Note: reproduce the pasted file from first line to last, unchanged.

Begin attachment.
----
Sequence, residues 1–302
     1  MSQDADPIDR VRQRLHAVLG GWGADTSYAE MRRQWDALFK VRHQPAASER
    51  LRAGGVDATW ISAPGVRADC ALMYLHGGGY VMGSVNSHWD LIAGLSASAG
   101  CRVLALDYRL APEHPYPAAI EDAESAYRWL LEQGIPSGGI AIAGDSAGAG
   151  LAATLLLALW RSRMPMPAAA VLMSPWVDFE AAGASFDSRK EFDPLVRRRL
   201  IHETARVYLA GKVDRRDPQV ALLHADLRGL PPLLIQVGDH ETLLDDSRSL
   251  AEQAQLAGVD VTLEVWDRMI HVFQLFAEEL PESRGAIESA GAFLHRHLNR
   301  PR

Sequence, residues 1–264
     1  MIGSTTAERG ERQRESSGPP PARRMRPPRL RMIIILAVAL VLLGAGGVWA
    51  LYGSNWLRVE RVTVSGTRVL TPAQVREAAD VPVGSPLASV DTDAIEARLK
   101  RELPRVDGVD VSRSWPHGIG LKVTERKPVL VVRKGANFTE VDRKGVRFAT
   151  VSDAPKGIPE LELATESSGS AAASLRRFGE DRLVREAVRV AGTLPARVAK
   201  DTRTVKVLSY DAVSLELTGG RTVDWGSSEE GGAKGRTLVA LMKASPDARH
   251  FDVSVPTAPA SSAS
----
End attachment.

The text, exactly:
Sequence, residues 1–302
     1  MSQDADPIDR VRQRLHAVLG GWGADTSYAE MRRQWDALFK VRHQPAASER
    51  LRAGGVDATW ISAPGVRADC ALMYLHGGGY VMGSVNSHWD LIAGLSASAG
   101  CRVLALDYRL APEHPYPAAI EDAESAYRWL LEQGIPSGGI AIAGDSAGAG
   151  LAATLLLALW RSRMPMPAAA VLMSPWVDFE AAGASFDSRK EFDPLVRRRL
   201  IHETARVYLA GKVDRRDPQV ALLHADLRGL PPLLIQVGDH ETLLDDSRSL
   251  AEQAQLAGVD VTLEVWDRMI HVFQLFAEEL PESRGAIESA GAFLHRHLNR
   301  PR

Sequence, residues 1–264
     1  MIGSTTAERG ERQRESSGPP PARRMRPPRL RMIIILAVAL VLLGAGGVWA
    51  LYGSNWLRVE RVTVSGTRVL TPAQVREAAD VPVGSPLASV DTDAIEARLK
   101  RELPRVDGVD VSRSWPHGIG LKVTERKPVL VVRKGANFTE VDRKGVRFAT
   151  VSDAPKGIPE LELATESSGS AAASLRRFGE DRLVREAVRV AGTLPARVAK
   201  DTRTVKVLSY DAVSLELTGG RTVDWGSSEE GGAKGRTLVA LMKASPDARH
   251  FDVSVPTAPA SSAS